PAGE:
“The more common types of employment discrimination reported immediately after Sept. 11 were verbal and physical harassment, and termination because of race, religion or national origin,” Bashir said.

In one case, an Arab-American pilot was subjected to numerous ethnic slurs and interrogated repeatedly by his employer about an imagined connection with the Sept. 11 hijackings. “His employer even went so far as to hire a private investigator to watch him.”

But today, discrimination isn’t as overt and can “easily be missed by some employees and their employers,” she said. One Iraqi American recently contacted the ADC after his employer refused to pay medical expenses for a serious illness that should have been covered by his health insurance. He later learned that a similar illness was covered for a non-Arab co-worker with the same job and tenure, Bashir said.

The initial backlash

The rush of filings after Sept. 11 didn’t surprise Grossman, who said “people who were incredibly biased seemed to take out their concerns on their employees right away.”

After the attacks, then-EEOC Chair Cari M. Dominguez called on employers to guard against workplace discrimination based on national origin or religion. “We launched a national outreach and education campaign, which included coordination with the departments of Justice and Labor,” Grinberg said.

The EEOC defined a new “Code Z” to track charges filed specifically by people who are—or are perceived to be—Arab, Muslim, Middle-Eastern, South Asian or Sikh.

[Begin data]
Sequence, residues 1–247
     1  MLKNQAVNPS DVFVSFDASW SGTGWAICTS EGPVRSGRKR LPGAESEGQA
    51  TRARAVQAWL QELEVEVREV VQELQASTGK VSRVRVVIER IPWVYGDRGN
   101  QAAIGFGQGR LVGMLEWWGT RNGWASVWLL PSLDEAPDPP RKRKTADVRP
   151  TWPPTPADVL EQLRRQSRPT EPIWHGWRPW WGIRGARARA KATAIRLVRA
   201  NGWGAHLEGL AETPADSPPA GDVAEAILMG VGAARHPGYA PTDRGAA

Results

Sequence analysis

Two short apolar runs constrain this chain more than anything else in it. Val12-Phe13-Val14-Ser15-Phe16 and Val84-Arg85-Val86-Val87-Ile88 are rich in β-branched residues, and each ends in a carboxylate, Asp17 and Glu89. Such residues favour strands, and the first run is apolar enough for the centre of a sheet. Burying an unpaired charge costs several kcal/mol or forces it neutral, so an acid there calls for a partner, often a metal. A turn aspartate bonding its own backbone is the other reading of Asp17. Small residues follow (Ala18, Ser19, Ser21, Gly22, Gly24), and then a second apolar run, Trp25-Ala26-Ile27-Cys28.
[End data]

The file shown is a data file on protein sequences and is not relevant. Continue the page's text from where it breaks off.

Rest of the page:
As of June 11, 2006, 991 charges had been filed under Title VII alleging post-Sept. 11 backlash employment discrimination, according to the EEOC. Discharge is an issue in 591, and harassment in 416. (Some charges allege multiple types of discrimination.) Twelve cases were still open.

Of the 979 charges resolved, 595 (61 percent) were closed with “no-cause findings.” Ninety-eight (10 percent) were issued a right-to-sue letter, while 135 (14 percent) were settled, withdrawn with benefits for the charging party or conciliated. The remainder were closed or not pursued for various procedural or jurisdictional reasons.

As of June 11, 2006, the EEOC said, 148 employees aggrieved by Sept. 11 backlash discrimination have received more than $4 million through the agency’s administrative efforts, and 19 individuals received another $1.15 million after filing eight separate federal lawsuits.

Training a focus

In the majority of cases the EEOC settles, it requires additional employer training.

“In New York, we did training in 100 percent of the cases, and it’s almost always in every consent decree,” Grossman said. “We negotiate our consent decrees on a case-by-case basis. Most employers are willing to work with us to put mechanisms in place to prevent future discrimination.”

For example, in August 2003 the EEOC in New York sued kitchen cabinet designer Poggenpohl U.S. Inc. for creating and maintaining a hostile work environment for a Muslim employee of Egyptian origin and then firing her. In June 2004, the EEOC announced a monetary settlement and consent decree requiring Poggenpohl to provide employees anti-discrimination training and revise its anti-harassment and anti-retaliation policies significantly. In addition, it called for appointment of an HR officer to handle discrimination complaints.

If Code Z charges have declined since Sept. 11, does that mean America's workplaces have become more tolerant through diversity training?

“There was some overreaction [after Sept. 11], and there has been some education and some outreach, along with a desire on the part of people to understand the world around them in a more global context,” Grossman said.

“I think there has been progress. But this country has a long way to go in regard to tolerance and understanding.”

Pamela Babcock is a freelance writer in the New York City area.

Editors Note: This article should not be construed as legal advice.

For more newsas well as recent developments in other states, visit State Workplace Law News on SHRM Online.